Friday, November 11, 2011

Friday highlights

Federal News Radio reported on the AEI conference that I discussed in Wednesday's FEHBlog post. Federal News Radio who had a reporter at the event did a good job capturing the concerns that the panelists made about the Administration's proposal to carve out FEHBP prescription drug contracting from the carriers -- who bear the underwriting risk -- to OPM. The report further states that
The Office of Management and Budget did not respond to a request for comment on why it believes the FEHB proposal makes economic sense. The American Federation of Government Employees supports the proposal because carving out the pharmacy benefits is the only way to get better prices because there is little competition and less transparency, said Jackie Simon, the union's public policy director. She said in an email to Federal News Radio that statutory pricing is what the VA and DoD and Bureau of Prisons and the Indian Health Service have, and can do direct negotiations for maximum prices.
The FEHBlog wishes to assure that OPM contractually has imposed on fee for service plan carriers a transparent pricing initiative applicable to prescription drug pricing that just took effect this year. That initiative which is still being implemented is stronger than that found in the private sector.  Moreover, statutory pricing simply shifts costs to other employer sponsored plans and does not work unless the government clamps down on utilization. picks up on FEHB expert Walt Francis's opposition to the Postal Service's effort to carve out its employees from the FEHBP. The Postmaster General has told Congress that he could cut USPS healthcare costs in half. That's unlikely because the Postal Service's demographics are worse than the Civil Service's.  The article explains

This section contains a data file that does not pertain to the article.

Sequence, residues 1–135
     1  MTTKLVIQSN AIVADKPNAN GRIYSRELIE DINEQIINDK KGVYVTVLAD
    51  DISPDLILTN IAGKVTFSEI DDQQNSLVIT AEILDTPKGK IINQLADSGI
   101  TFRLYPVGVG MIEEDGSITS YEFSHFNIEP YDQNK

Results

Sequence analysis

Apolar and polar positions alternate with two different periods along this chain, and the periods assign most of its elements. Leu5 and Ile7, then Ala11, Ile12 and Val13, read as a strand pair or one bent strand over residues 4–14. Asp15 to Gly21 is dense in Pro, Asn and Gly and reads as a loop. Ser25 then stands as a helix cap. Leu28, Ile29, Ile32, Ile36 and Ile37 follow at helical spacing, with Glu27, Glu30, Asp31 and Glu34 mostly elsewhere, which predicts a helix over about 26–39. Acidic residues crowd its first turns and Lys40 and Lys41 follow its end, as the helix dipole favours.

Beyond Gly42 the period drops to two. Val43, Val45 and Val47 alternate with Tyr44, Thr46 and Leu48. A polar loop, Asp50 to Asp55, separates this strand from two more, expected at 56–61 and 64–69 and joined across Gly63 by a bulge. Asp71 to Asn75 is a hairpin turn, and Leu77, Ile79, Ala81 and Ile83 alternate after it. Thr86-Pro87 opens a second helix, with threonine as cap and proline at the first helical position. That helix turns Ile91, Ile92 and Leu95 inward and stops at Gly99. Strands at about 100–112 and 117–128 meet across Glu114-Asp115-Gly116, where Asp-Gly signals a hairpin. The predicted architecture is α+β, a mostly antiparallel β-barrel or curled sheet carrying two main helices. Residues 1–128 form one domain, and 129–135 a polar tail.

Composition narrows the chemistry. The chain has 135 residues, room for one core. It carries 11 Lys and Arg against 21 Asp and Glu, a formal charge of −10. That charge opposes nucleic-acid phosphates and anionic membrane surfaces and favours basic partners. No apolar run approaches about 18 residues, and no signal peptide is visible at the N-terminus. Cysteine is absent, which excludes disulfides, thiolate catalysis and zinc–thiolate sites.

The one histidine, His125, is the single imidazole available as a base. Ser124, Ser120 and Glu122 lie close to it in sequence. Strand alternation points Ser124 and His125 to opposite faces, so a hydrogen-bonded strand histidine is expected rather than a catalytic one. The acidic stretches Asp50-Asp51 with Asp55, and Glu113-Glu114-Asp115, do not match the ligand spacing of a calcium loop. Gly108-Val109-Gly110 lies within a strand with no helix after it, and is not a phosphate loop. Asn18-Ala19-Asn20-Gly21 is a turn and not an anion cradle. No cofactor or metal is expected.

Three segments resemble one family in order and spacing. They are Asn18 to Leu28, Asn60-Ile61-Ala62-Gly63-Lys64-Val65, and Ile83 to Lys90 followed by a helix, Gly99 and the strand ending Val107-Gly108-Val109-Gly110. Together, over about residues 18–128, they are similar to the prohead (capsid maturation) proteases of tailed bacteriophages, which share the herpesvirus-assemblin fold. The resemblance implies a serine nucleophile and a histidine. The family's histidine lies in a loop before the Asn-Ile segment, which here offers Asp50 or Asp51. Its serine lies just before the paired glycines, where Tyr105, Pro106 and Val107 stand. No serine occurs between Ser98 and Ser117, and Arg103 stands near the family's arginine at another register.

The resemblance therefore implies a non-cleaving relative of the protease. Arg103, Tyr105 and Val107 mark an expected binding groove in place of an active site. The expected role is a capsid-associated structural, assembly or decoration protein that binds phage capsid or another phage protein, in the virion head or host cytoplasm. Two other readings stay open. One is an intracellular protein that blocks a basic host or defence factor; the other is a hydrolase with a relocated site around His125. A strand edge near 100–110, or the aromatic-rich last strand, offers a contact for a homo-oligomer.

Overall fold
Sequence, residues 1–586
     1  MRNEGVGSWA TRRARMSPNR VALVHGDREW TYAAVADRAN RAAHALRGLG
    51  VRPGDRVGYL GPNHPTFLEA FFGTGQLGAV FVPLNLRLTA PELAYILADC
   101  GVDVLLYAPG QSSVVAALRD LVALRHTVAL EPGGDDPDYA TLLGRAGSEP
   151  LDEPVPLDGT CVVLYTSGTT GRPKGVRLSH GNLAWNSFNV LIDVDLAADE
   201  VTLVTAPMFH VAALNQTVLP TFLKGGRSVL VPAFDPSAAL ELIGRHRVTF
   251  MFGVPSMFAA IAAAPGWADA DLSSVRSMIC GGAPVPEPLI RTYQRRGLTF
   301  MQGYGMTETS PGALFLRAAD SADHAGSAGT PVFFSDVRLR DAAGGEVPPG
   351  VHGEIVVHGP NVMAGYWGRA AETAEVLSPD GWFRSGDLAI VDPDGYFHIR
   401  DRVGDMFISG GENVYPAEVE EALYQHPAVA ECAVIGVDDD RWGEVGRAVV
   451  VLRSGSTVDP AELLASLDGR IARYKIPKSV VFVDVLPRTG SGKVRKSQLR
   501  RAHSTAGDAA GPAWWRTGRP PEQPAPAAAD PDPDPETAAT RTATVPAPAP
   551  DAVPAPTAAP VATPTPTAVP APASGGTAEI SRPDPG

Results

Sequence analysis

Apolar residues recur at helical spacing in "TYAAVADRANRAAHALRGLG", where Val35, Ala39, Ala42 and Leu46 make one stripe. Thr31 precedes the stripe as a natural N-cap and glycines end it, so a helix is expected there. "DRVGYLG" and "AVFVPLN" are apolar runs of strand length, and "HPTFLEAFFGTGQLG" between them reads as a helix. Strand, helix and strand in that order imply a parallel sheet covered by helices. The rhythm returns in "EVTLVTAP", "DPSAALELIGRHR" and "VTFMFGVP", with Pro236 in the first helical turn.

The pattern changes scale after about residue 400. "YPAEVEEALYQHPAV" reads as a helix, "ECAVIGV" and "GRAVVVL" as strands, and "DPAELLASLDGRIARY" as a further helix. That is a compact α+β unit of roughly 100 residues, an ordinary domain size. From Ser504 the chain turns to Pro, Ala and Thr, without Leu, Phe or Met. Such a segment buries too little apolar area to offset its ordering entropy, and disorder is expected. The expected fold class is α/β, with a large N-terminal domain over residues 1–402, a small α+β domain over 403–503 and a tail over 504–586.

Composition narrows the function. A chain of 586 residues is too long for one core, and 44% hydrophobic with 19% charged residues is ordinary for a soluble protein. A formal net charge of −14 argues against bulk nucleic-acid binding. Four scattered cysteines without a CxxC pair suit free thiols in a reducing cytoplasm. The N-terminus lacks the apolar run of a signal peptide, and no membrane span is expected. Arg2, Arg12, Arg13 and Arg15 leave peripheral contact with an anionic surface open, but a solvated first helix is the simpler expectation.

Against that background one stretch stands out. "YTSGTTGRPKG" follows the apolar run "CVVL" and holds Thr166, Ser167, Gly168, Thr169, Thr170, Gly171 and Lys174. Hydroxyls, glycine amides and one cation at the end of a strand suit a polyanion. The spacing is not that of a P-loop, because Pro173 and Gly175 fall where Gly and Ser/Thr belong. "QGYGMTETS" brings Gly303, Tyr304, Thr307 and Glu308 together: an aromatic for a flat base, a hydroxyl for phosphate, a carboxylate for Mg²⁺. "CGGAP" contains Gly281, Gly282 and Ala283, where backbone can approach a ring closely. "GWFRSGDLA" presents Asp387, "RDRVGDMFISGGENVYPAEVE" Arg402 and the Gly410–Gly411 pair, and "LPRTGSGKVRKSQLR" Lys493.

If the Postal Service leaves FEHBP, its health care expenses would rise by about 10 percent, Francis said, largely because of the agency's aging workforce, which currently benefits from being in the larger and more age-diverse FEHBP pool.
What's more the FEHBP's competitive model has done a very good job controlling costs -- 3.8% increase for 2012 versus Mercer's 5.4% estimated increase for private sector employer sponsored plans. Group health insurance principles embraced by the FEHBP work over time. Caveat -- the Postal unions have the right to collectively bargain a USPS only plan with the Postal Service. Everyone should respect that right.

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